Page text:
It is evident that the increased privatization of the public university in an era of neoliberalization is key to the crisis of what some describe as a post-public university. Scholars have argued that the economic restructuring of the neoliberal university evident in the current budget crisis in California is also a policy of racial management i.e. the restructuring of a racially and ethnically diverse student body and also of diversified curricula. It is apparent that the budget cuts primarily affect the enrollment and retention of students from racial and ethnic minority groups and from economically disadvantaged backgrounds. The budget crisis also heightens the vulnerability of ethnic studies and women’s studies programs, which tend to be sites where faculty of color teach and where undergraduate and graduate students of color find support. In addition, departments and programs that produce research exploring the intersectionality of race, class, gender, and sexuality are further undermined by popular delusions of race-neutrality and the rise of a so-called "post-racial era."

In such a climate, it is also apparent that economic anxieties generate tensions between ethnic studies programs and that racial diversity is sometimes pitted against diversity based on gender, sexuality, or class. The budget crisis exacerbates or invokes tensions that have emerged in the post-9/11 culture wars and during the economic recession, where questions of race, nationalism, gender, sexuality, class, and religion collide. In this project, we were interested in thinking race in relation to other axes of difference—gender, sexuality, class, religion, and nationalism—but will centrally focus on race as it speaks through these other dimensions of social life.

Activities: Archival Research, Public Exhibit, and Interviews

Natalia Deeb-Sossa and Sunaina Maira worked with a team of undergraduate and graduate research assistants who helped conduct interviews with faculty, staff, and students as well archival research in the Special Collections of Shields Library on the Third World Forum’s (TWF) publications.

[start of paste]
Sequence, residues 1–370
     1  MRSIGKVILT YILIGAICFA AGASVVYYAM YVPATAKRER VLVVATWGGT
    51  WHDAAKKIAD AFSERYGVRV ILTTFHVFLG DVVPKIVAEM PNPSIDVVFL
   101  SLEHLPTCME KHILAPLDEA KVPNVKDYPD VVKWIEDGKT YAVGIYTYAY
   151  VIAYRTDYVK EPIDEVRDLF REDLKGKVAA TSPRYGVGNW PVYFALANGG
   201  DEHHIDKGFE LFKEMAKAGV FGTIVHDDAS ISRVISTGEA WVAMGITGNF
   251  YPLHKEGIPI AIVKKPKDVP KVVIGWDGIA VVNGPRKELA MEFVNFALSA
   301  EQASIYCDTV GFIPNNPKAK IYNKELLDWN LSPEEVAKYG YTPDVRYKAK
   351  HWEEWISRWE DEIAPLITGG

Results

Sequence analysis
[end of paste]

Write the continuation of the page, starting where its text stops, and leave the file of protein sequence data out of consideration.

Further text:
In addition to this archival and curatorial project, our research team has done interviews with senior or retired ethnic studies faculty and faculty of color who were involved in establishing ethnic studies programs and in progressive movements at UCD, as well as with students activists and faculty who were involved with Occupy UCD and the protests against tuition hikes. We did about 30 interviews which have been transcribed and compiled in a digital archive.

The TWF was a progressive-left student group that was at the center of antiracist and social justice movements on campus till the early 2000s, including the struggles to establish ethnic studies, and linked to local, regional, and national movements. We have created a digital archive of selections from the TWF’s newsletter from the 1970s to the present (it was revived briefly in the 2000s), highlighting key moments in student activism and cross-racial coalition building and organizing on campus. This is a history that has been largely forgotten or repressed, so the exhibit provides an alternative site of public memory of issues pertaining to race, racism, and antiracist mobilization on campus.

The project was launched in June 2012 with a panel on histories of activism at UCD featuring ethnic studies faculty, current as well as retired, and student activists. We installed a selection of materials from the TWF archive, from the 1970s, in Hart Hall which houses the ethnic studies programs and departments.

In December 2014, we expanded the exhibit and installed approximately 100 selections from our digital archive, that we printed and mounted in Hart Hall, organized chronologically by decade since the 1970s and with captions. In addition, we obtained photographs of the student hunger strike for ethnic studies by a multiracial coalition of students in 1990 which is displayed at the beginning of the exhibit.

The exhibit has transformed the space of Hart Hall, filling the walls with documents that record a history of UC Davis that is not available on official sites, and a testament to local as well as national and global struggles for racial justice. The exhibit has been cosponsored by the departments and programs in Hart Hall which have contributed funds to the project. We hope that this exhibit will provide a resource for students to do research projects as well.